Dr. Donald Berwick, a Boston-based pediatrician and former Obama administration health care official, is giving serious consideration to running for governor as a Democrat in 2014, injecting himself into a conversation limited so far to two statewide officeholders, the State House News Service reported Tuesday.
Dr. Berwick, a seasonal Chilmark resident who served for a year and a half as administrator of the Centers for Medicare and Medicaid Services before resigning in the face of Republican opposition to his permanent confirmation, has been talking with family, friends, civic and business leaders about a possible run.
He met privately on Monday with Lt. Gov. Timothy Murray in his State House office to inform the Democrat of his plans, and he has also spoken with state Democratic Party officials.
“That’s correct. I’m strongly considering it,” Mr. Berwick confirmed to the News Service on Tuesday.
Mr. Berwick joins Mr. Murray and Treasurer Steven Grossman among those giving serious thought to a run for governor in 2014 when Gov. Deval Patrick plans to leave office at the end of his second term.
“I had this experience in Washington running CMS and got both impressed and saw dysfunction and what can go wrong in government,” Mr. Berwick said. As a pediatrician, Mr. Berwick said, he cares “deeply” about kids and the future of the state’s youth and believes the state “can do tremendous things to help in that area.”
“I think Massachusetts is already in the lead. It’s already doing good things and the country badly needs a state to surge ahead and show leadership,” Mr. Berwick said.
Considered a national expert in health care, Mr. Berwick’s strength in that area could be attractive in a race that will play out in the early implementation phases of Massachusetts’ new health care cost containment experience, and as the major provisions of the Affordable Care Act take affect.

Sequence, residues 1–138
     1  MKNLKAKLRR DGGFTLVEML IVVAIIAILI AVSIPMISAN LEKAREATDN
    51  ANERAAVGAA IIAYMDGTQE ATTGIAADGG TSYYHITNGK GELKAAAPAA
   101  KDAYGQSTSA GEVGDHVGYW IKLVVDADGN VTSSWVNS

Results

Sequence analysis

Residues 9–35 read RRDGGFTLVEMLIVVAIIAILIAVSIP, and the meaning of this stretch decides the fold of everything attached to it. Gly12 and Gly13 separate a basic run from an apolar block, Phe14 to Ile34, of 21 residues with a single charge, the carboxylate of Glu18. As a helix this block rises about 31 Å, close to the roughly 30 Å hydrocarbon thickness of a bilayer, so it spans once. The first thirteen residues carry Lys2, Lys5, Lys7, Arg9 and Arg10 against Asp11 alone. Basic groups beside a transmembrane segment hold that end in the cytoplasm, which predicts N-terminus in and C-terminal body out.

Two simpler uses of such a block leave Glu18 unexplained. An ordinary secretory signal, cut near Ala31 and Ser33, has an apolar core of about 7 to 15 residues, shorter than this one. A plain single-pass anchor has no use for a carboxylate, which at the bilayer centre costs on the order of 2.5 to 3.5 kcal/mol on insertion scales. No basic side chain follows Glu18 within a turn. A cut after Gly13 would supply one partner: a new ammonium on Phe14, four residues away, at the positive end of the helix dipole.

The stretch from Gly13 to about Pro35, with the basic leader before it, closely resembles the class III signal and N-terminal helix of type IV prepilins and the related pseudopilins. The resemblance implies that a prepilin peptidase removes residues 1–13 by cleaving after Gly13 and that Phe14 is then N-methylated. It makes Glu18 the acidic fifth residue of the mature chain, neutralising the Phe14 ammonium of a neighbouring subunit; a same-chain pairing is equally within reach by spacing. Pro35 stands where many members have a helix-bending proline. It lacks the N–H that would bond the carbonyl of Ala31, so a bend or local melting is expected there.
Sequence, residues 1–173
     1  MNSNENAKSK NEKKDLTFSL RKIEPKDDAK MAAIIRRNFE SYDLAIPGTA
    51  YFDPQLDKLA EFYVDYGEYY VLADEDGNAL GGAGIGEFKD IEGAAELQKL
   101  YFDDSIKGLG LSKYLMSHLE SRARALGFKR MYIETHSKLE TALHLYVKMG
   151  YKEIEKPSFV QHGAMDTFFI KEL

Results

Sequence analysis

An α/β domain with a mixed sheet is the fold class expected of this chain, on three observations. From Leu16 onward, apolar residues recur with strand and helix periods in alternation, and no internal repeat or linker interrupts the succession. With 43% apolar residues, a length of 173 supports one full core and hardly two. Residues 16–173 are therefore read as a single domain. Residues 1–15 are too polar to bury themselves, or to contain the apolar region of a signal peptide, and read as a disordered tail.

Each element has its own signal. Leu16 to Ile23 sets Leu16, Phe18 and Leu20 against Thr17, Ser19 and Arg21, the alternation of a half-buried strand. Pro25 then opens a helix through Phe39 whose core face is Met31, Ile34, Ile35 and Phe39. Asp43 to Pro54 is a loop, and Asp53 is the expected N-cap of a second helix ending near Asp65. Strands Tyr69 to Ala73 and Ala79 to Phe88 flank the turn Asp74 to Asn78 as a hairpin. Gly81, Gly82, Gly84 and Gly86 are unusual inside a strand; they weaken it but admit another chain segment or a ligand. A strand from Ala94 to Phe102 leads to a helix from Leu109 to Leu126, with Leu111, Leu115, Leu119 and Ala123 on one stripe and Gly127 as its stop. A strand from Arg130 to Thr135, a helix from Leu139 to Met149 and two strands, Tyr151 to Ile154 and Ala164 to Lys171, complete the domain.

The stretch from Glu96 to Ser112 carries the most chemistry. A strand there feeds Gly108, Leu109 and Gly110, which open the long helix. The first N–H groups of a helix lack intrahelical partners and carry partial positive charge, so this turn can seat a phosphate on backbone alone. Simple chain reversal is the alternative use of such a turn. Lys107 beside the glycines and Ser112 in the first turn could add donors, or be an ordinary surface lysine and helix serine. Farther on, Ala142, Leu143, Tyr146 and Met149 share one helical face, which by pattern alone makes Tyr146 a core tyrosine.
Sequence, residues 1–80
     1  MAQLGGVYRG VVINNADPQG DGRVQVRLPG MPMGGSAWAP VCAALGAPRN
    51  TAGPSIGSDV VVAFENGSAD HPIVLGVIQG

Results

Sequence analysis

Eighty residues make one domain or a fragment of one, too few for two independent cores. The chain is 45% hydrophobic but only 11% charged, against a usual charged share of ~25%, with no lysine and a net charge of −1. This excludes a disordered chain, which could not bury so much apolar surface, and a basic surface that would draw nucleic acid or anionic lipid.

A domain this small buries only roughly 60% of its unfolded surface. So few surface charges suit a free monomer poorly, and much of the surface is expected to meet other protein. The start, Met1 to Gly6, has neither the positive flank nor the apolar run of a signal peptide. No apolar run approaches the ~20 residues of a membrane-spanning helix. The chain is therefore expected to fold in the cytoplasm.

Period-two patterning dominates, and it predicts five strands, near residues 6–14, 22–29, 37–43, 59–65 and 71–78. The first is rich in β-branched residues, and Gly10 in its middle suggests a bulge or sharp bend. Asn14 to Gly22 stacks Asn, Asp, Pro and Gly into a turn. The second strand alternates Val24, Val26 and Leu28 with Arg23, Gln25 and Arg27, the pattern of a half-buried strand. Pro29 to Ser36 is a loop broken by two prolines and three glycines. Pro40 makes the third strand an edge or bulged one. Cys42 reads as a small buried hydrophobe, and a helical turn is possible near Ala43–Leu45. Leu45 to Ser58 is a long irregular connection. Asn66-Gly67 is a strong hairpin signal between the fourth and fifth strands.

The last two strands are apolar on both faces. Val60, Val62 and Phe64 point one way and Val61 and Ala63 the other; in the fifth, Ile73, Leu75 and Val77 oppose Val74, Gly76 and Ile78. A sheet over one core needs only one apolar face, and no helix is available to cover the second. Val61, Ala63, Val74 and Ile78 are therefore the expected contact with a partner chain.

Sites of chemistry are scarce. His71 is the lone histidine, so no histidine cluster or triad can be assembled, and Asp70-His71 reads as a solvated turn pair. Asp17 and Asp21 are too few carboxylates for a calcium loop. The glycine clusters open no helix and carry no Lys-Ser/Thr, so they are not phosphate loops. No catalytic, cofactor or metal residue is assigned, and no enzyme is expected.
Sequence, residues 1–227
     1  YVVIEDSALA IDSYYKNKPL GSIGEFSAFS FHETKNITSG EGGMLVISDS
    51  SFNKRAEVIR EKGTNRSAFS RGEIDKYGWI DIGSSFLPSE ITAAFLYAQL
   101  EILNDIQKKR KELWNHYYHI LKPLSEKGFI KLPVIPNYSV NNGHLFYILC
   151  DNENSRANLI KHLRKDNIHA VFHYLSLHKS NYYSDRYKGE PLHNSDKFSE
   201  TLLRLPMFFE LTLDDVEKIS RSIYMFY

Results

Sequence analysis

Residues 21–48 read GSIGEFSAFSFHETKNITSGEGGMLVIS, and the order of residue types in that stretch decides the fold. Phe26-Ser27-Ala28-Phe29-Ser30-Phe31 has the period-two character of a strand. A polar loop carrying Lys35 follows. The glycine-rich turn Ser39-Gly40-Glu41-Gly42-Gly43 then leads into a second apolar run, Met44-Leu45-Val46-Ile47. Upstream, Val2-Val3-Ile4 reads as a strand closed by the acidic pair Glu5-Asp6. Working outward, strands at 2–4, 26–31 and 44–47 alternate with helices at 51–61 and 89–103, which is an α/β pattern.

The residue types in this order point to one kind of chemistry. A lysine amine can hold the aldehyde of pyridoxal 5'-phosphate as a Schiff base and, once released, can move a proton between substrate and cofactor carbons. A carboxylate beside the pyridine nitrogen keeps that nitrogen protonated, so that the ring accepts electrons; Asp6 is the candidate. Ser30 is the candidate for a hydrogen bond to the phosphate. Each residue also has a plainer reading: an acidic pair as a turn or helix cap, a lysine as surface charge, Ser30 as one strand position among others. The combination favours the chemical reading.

Though inexperienced on the campaign trail, he could also be a counterweight to the policy expertise of Republican Charlie Baker, the former head of Harvard Pilgrim Health Care, who is considered a leading candidate to run for the GOP next year after his loss to Patrick in 2010.
Mr. Berwick helped Patrick as an informal advisor on health care policy during his first campaign in 2006.
Mr. Berwick, 66, graduated from Harvard University and Harvard University Medical School before starting his career in medicine as a pediatrician at Harvard Community Health Plan. He maintains affiliations with Children’s Hospital Boston and Massachusetts General Hospital.
In 1989, Dr. Berwick co-founded the Institute for Healthcare Improvement in Cambridge.
Obama nominated Mr. Berwick to run the Medicare and Medicaid programs in April 2010, but many Senate Republicans at the time urged Obama to withdraw the nomination and vowed to block his confirmation if it came to a vote.
Instead, Obama appointed Mr. Berwick as administrator with a recess appointment in July 2010, allowing him to serve for over a year in the position before he resigned in December 2011 with his chances at permanent confirmation in doubt.